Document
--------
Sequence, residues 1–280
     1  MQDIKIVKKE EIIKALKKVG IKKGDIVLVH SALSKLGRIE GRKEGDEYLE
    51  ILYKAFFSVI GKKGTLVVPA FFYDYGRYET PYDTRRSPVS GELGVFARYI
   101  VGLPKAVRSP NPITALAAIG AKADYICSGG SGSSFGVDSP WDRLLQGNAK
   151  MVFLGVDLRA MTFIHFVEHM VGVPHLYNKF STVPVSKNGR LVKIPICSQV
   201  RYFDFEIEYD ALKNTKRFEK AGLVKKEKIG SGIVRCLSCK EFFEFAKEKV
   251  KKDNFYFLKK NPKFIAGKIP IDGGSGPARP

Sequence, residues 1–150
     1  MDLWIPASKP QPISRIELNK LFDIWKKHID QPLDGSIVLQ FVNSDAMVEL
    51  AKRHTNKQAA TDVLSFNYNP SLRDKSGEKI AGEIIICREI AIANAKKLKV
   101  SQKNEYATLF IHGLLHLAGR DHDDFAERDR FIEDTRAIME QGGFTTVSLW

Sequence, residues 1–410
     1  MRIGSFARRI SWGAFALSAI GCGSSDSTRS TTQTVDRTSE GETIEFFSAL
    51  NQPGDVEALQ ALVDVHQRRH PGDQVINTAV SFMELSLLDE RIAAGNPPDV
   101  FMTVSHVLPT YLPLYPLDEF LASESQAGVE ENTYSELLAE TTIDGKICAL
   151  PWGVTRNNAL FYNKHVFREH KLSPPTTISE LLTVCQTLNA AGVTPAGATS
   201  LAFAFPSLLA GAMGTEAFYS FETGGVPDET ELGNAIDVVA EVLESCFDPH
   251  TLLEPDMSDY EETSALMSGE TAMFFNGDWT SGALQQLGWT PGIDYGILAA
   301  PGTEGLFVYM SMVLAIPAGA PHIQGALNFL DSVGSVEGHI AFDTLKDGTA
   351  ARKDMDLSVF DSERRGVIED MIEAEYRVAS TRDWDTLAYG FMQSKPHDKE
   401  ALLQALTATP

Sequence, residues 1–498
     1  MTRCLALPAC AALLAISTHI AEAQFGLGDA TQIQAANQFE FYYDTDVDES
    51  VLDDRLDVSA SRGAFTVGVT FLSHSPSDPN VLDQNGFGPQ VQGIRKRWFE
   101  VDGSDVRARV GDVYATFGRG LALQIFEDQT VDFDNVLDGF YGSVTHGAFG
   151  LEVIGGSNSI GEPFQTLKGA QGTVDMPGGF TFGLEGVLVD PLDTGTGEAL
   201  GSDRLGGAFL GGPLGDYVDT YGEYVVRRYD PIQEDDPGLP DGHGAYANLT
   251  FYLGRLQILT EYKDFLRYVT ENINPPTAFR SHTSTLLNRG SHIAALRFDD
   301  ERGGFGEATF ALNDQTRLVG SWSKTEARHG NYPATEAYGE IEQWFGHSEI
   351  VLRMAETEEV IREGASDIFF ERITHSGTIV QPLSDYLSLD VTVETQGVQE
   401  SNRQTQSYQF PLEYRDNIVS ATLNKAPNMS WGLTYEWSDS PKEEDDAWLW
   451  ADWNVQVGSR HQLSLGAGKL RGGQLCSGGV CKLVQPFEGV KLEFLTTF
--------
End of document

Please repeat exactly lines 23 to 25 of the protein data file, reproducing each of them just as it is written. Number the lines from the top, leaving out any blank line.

     1  MTRCLALPAC AALLAISTHI AEAQFGLGDA TQIQAANQFE FYYDTDVDES
    51  VLDDRLDVSA SRGAFTVGVT FLSHSPSDPN VLDQNGFGPQ VQGIRKRWFE
   101  VDGSDVRARV GDVYATFGRG LALQIFEDQT VDFDNVLDGF YGSVTHGAFG